Here’s something from Henry Rollins’ column in this week’s LA Weekly:
“I don't do much walking in Los Angeles. I am sure there is a lot to enjoy as a pedestrian in our city, it just never occurs to me to do it. Years ago, when I lived in Silver Lake, I used to walk for miles all the time. As I would make these epic, biped journeys into Hollywood to see shows, I always had the same feeling that I wasn't really going anywhere except deeper into the seemingly endless sprawl of Sargassoid stucco.
“In Washington, D.C., I walk for hours, take a break for food or writing and then set out again. Most of my walks are referential, having to do with music. Places I saw bands, places where bands used to practice, houses I used to hang out in and listen to records. I go to these places over and over again, decade after decade. I know that sounds strange and it probably is, but to me, it's like a Kata or a meditation. The walk, the arrival at the spot. A moment to dwell on the significance and then to walk elsewhere, is to me what it means to be 'poetry in motion.'"
I think any even half-way serious walker would completely agree with what he says in the second paragraph; I think we’re talking psychogeography, or deep topography, or conceivably Proustian remembrance. I’ll drink to that.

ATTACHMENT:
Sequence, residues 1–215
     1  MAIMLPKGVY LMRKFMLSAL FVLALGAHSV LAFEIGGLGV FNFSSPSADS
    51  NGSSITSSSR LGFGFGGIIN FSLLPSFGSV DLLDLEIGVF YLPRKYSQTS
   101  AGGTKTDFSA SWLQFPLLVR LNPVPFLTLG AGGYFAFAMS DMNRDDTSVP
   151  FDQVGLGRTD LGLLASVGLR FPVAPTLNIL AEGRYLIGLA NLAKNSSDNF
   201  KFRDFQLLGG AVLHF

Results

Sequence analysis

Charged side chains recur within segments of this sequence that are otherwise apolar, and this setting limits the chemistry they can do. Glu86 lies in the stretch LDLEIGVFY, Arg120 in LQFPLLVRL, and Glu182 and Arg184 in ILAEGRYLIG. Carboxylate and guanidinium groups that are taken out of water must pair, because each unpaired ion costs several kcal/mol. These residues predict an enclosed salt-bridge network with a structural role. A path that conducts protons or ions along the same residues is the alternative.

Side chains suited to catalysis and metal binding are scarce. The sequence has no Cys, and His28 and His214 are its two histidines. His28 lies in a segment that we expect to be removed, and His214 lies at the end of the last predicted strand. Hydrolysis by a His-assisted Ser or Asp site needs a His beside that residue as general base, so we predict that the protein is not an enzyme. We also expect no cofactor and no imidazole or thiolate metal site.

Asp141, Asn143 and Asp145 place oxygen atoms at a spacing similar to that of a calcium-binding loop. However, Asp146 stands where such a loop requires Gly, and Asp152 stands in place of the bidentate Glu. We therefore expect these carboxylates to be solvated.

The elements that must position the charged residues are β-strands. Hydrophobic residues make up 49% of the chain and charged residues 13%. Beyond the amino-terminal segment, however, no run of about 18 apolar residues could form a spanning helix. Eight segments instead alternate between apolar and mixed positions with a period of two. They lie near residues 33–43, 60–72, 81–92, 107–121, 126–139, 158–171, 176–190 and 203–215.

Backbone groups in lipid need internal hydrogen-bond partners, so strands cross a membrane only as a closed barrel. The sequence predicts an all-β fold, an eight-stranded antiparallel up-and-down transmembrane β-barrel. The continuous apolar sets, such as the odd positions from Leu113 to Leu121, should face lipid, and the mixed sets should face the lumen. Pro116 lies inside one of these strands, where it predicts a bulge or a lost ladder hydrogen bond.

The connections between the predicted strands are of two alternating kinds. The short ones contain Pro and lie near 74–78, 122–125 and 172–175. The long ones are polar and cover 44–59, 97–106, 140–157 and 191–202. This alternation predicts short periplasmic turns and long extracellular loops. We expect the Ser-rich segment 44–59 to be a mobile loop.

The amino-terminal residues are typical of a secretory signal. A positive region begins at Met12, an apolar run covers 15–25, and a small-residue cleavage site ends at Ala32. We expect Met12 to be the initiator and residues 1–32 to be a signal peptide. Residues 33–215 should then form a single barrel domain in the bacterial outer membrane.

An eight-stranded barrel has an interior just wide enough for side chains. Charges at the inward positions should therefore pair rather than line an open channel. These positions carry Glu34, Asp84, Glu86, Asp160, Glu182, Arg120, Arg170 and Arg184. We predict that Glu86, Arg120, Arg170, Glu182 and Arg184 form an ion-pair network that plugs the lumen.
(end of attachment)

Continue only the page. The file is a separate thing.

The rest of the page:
But I wonder if I get his point in the first para. “Endless sprawl of Sargassoid stucco” is a nice, if slightly opaque, phrase, and I assume it’s a reference to the Sargasso Sea: a two million square mile gyre (another nice phrase) – i.e. rotating currents - in the middle of the North Atlantic. It’s a seaweed-choked place of mystery, discovered by Columbus, where ships have historically been becalmed and where uncanny things have happened. These days apparently it’s also a vortex of swirling plastic waste, much like the North Atlantic Garbage Patch. So, not much walking to be done there.
Still, be that as it may, I think I’m enthralled by the idea of walking “deeper into the seemingly endless sprawl of Sargassoid stucco,” in fact I think it’s what much what I do it all the time. Here’s a pictures of Henry Rollins, walking (sort of), not in seaweed, but on the red carpet: